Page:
While many legal observers are busy dissecting the recent rulings of the U.S. Supreme Court, those concerned with the misuse of the judicial system for political purposes are celebrating a lower court ruling thousands of miles away.
Last Monday, U.S. District Judge William Alsup dismissed lawsuits brought by the cities of San Francisco and Oakland against Chevron, Exxon Mobil, and three other oil companies that had sought monetary damages for the effects of climate change.
The suits, which accused “Big Oil” of creating a public nuisance by producing fossil fuels they “knew” would harm the environment, are part of a larger strategy by numerous public entities to wrangle billions of dollars from the private sector to balance their bloated budgets and fund a variety of pet projects. Several other local governments in California, Washington, Colorado, and New York are also suing “Big Oil.” The lawsuits claim oil companies are liable for the cost of infrastructure projects aimed at preventing damage from rising seas levels and the other environmental problems allegedly caused by global warming.
The use of frivolous litigation to shake-down private companies is, of course, nothing new. In fact, some of the attorneys suing “Big Oil” are the same lawyerswho successfully extracted massive settlements from the tobacco companies back in the 1990s. The playbook is well known: find a public health crisis; target the deep pockets of the manufacturers of a legal product; and extort enormous settlements, while also imposing strict new rules on legal activity.
Recently, hundreds of cities, counties, states, and Native American tribes have brandished this strategy against pharmaceutical companies, claiming the industry is liable for the public health costs that have arisen from the opioid crisis. Like the lawsuits against “Big Oil,” suits against “Big Pharma” are a desperate attempt to fill government coffers while simultaneously trying to convince voters that politicians are doing something to solve a significant public problem.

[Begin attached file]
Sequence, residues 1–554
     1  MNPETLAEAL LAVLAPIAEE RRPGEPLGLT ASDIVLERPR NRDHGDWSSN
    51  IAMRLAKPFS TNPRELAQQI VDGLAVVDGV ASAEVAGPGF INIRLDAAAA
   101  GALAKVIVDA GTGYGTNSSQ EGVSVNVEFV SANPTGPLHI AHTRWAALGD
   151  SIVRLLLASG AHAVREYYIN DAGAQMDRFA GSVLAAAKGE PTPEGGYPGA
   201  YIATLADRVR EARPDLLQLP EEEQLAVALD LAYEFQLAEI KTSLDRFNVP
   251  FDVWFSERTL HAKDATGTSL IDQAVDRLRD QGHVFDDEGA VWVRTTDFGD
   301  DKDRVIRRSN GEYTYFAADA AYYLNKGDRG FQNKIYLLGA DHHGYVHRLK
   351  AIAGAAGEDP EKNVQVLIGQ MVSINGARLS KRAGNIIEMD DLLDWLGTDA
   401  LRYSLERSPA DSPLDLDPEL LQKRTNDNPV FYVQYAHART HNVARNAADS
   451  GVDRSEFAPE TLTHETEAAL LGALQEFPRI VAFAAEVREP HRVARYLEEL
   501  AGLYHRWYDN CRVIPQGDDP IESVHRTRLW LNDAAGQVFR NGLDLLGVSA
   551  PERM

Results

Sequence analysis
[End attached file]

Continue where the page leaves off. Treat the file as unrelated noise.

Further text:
Unfortunately, when it comes to this sort of regulation by litigation, it is the American consumer that pays the bill in the form of higher prices, whether at the gas pump or at the pharmacy. Thankfully, the federal district court in California rejected San Francisco’s and Oakland’s attempt to leverage the courts to regulate the private sector. In his 16-page ruling, Judge Alsup reprimanded the cities for abusing the court system for political gain.
Although Judge Alsup acknowledged the “scientific consensus” that fossil fuels have “materially” accelerated climate change, he noted that fossil fuels also have impacted society in positive ways that often go unaccounted for:
Our industrial revolution and the development of our modern world has literally been fueled by oil and coal. Without those fuels, virtually all of our monumental progress would have been impossible. All of us have benefitted.
The doctrine of “separation of powers,” he continued, requires that courts stay out of policy decisions. It is not the job of the courts, Judge Alsup noted, to “balance the social utility against the gravity of the anticipated harm.” Rather, it is the job of the legislative and executive branches of government to consult the stakeholders and to weigh the positive and negative effects of commercial behavior before deciding to take legislative or regulatory action.
Climate change and the opioid crisis are simply too complex to be addressed by the courts in an adversary system. And courts must defer to the other co-equal branches of government to solve them.
Judge Alsup’s ruling in this climate case is a major blow not only to the cities of San Francisco and Oakland, but to all state and local governments that seek to use frivolous nuisance lawsuits to stuff their coffers and punish perfectly legal — albeit, perhaps politically unpopular — activity.
Let’s hope that others who seek to abuse the judicial process for political gain get the message.
Jennifer C. Braceras is a lawyer and Senior Fellow with the Independent Women’s Forum.